Ya’ll. This is such an easy thing to use to build number sense. I taught fourth grade ELA for several years. Then, I moved down to second grade and had to teach all subject areas.
I knew I needed a hundreds chart because they are in all the primary classrooms, but I didn’t know what to do with it.
You count, right?
Um, yes, Mandy from 8 years ago, but you can use it for so much more.
So how can you use a hundreds chart as an EASY and fast way to build number sense? Check out these ideas!
Build the Hundreds Chart
Have you ever actually built the hundreds chart with students? This is a fantastic math lesson for the VERY beginning of the year in either first or second grade. It can be completed in several short spurts over the course of a few days, which makes it easy to squeeze in a meaningful math lesson during the back to school craziness.
I found TWO explicit FREE lesson plans one how to complete this lesson. One version of the lesson is for younger students and the other is for about second grade.
Another way to build the hundreds chart is to actually have students build the hundreds chart as puzzles!
As students become more familiar with the hundreds chart they can fill in the missing numbers on the chart.
Once students have mastered filling in a complete chart, challenge them to fill in missing pieces of the chart. This is a perfect independent activity during centers!
Build Number Sense
The hundreds chart is a perfect introduction to patterns in numbers and developing number sense. Some struggling learners (even in second grade) may struggle with before and after. To practice this, you can simply have kids come to the board to touch the numbers that become before or after a given number.
You can also display the hundreds board and divide the class into two lines to create a “relay race” of sorts. The two students at the front of the line will “race” each other to answer the questions (correctly) first. The student that answers first wins a point for his or her team. You can ask questions like, “What number comes before 18?” and “What number comes after 78?”
The hundreds chart is perfect for practicing skip counting. You can use it to model skip counting from a given number by 2, 5, or 10. Challenge kids by asking them to skip count by 5, from a number that does not end in 5 or 0, or skip count by 2 from an odd number! Don’t forget to practice skip counting by 25, which will lend itself to counting quarters when it is time to practice counting change.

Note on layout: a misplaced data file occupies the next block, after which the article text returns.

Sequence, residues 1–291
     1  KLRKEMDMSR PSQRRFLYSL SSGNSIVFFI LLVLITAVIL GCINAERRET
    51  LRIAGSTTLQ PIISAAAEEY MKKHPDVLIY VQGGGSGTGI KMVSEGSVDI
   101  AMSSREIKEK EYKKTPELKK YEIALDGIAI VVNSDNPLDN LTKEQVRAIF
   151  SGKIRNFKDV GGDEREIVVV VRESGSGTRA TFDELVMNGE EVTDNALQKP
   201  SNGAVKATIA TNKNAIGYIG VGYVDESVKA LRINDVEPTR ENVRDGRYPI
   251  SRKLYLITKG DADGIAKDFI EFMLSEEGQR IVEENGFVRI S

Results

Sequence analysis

Adding/ Subtracting Ten and One
In second grade, students have to be able to mentally add and subtract 10 in a given number 100-900. The hundreds chart and its set up are ideal for introducing this. It can be very difficult for students that struggle with place value, especially as you reach the higher 3 digit numbers. The hundreds chart is a perfect way to being teaching visual patterns in numbers.
For example, when adding one, the ones places increases by one. When subtracting one, the ones places decreases by one.
For example, when adding ten, the tens places increases by one. When subtracting ten, the tens places decreases by one.
An easy way to show this skill is to project the hundreds chart on your Smart of Promethean Board and use counters to actually move by ten spaces or one space. You can also just use an old fashioned hundreds chart that is a pocket chart, like I have pictured here.
Eventually after you have modeled this several time and related it to the number sentence (23-10 = 13), you can show a small zoomed in grid that looks like a plus sign. By learning patterns on the hundreds chart, they can easy (and visually) add and subtract ten and one to any given number.
Once students are comfortable with adding and subtracting with the hundreds chart, they can play a variety of games in their interactive math notebooks. Students can use counters instead of coloring on the game board to cover places on the hundreds chart, so they can play the games over and over!
Have you ever seen arrow cards? They are so cool!
It is a great way to encourage mental math skills in a different, more abstract format.
Teach students to mentally add and subtract 10 and 1 by using arrow cards. Give students a starting number. Then students will use the arrows to move across the hundreds chart to find the ending number. It can be hard to explain in writing. Here is a video, so you can see it in action.
Do you have any additional ideas for the hundreds chart? There are a million ideas!
Click here for this great pack of FREE math centers, plus get tips and updates from me!